The Fresh Loaf

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Loaf cracking outside of the score

bijection05's picture

Loaf cracking outside of the score



I'm fairly new to sourdough and just bought an oval banneton. 

I've baked great loaves but it seems that most time they crack a bit outside of the score which I feel Ike is preventing a greater rise. Here's a picture of my last 50-50 while wheat sourdough following the perfect loaf recipe.

What do you think this is due to? 

mariana's picture

Hi bijection05!

This is due to one and only thing - the recipe is not that perfect. Or at least it is not perfect for your kind of flour. 

Well, the physics of the process is that the surface will break or split where it is the weakest and the pressure from the inside is the greatest. Wheat dough has strength due to gluten development, basically due to kneading. The more you knead, the stronger the dough would become. It will open up only in the indicated by you weakest places, where it is "injured', or scored. 

If the recipe doesn't prescribe a sufficient kneading time, then the resulting bread will behave like so in the oven, as if it had no gluten, as if no kneading was necessary, as if it was a soda bread or a rye loaf, or a no-knead bread. 

This soda bread has cracks outside the slashes, because the bread dough was not kneaded

Irish Soda Bread

Rye bread is cracking all over outside of the slashes, it was not kneaded. Just flour, water and salt barely blended together with a spoon. 

No-knead Rye Bread

NO-knead bread, slashes and the result - bread surface cracks all over the place. 

dough rising for no knead bread 

Making bread at home has never been easier than with my recipe for the Easiest 2 Hour No Knead Bread. Only 4 ingredients and 2 hours to hot, delicious bread on your table.

So, when you combine your water and flour into dough, mix it a little bit longer and shape it tighter, so that gluten would become even stronger, then this problem will disappear. Like so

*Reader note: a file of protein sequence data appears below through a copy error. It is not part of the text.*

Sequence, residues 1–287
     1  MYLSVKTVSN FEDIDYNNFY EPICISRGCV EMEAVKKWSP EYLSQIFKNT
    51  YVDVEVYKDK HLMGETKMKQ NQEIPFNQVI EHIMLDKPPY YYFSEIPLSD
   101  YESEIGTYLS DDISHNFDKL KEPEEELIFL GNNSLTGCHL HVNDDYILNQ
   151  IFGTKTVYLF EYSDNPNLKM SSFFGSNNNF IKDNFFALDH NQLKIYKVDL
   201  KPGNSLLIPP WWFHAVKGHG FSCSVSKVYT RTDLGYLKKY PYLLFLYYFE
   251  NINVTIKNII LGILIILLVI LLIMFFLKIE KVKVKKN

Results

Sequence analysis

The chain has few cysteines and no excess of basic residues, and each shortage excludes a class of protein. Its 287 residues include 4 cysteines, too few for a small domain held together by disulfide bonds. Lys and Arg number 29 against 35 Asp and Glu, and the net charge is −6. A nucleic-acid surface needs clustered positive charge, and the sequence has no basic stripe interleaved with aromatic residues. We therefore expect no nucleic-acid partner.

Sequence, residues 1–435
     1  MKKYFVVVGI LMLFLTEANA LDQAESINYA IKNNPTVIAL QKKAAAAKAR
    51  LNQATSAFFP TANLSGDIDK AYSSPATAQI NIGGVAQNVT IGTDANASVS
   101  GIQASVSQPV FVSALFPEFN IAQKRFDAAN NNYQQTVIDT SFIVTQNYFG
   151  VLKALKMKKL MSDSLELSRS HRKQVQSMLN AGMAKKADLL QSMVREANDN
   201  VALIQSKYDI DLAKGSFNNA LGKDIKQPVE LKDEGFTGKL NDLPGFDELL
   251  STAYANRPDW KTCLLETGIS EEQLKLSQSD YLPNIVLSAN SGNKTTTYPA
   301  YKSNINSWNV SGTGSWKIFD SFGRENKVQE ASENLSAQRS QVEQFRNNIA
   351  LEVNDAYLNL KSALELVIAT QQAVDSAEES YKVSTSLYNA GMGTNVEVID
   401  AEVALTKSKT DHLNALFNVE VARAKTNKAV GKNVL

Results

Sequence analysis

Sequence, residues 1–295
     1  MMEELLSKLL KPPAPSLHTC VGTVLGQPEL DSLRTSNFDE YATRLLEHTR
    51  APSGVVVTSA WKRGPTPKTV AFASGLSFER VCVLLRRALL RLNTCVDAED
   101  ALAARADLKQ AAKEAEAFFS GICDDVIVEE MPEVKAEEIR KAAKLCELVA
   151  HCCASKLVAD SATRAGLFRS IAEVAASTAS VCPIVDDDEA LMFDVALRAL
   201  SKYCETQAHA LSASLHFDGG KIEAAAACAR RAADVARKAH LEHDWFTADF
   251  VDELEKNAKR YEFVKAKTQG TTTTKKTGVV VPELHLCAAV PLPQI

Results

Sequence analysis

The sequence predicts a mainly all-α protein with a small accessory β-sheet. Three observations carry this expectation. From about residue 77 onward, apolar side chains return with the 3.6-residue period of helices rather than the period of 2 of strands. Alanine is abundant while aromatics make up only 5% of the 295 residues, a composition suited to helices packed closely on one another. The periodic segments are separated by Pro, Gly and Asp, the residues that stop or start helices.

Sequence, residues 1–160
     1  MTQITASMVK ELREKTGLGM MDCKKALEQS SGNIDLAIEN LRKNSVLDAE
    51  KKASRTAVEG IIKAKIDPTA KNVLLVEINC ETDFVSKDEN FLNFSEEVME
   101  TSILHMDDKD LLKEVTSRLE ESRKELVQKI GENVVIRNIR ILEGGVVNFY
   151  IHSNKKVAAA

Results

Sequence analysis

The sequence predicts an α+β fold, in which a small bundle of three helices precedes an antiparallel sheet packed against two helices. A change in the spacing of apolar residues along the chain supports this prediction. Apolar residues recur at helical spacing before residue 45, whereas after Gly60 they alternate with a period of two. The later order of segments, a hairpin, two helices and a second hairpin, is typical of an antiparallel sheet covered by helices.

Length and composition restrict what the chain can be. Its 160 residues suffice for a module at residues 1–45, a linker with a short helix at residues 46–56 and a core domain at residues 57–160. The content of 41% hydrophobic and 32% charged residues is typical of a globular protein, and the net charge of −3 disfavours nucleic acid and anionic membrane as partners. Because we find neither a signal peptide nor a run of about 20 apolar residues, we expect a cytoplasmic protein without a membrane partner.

bijection05's picture

I'll try slap and folding longer next time then. I did 5 sets of stretch and fold after kneading 4 min as instructed but I'll increase the kneading time then.

My shaping skills are not that good too haha, I tried to follow the method described in tartine bread and adding stitches after putting It in the banneton to increase tension

mariana's picture


I took a look at your previous discussion and it seems that you are using French T65 and French T150 blend and that your T65 has 11% protein. I don't know if you know that in the US is corresponds to the 9% protein cake and pastry flour, not suitable for yeasted or sourdough bread making. This difference is due to the fact that in France millers indicate protein content of the dry portion of flour, as if flour had 0% moisture, whereas in the US they indicate protein content of 100g of flour with 14% moisture content. 

So, yeah, your initial issue is that your current flour is too delicate for the US recipes. It has 35% less protein and only 2/3 of the gluten necessary for the US recipes of bread.  That difference alone explains all the surface cracks on the outside of the slash in your loaf.

Your flour behaves more like cake flour or non-gluten flour. Seek stronger flours, please, if you want to bake  using Tartine method of kneading and shaping loaves. 

In the US, bread flour (white flour) has 11-12% protein (14% moisture based), which in France would mean a bag of T55-T65 flour with 13.5-14.5% protein (dry matter based). Can you imagine that you need 12% protein flour for the recipe and your flour has only 9% protein? The difference is huge, no baker in the US will dare to substitute such flours in a recipe and expect the same quality of bread.  

12:9 = 1.333

33.3% less gluten than necessary.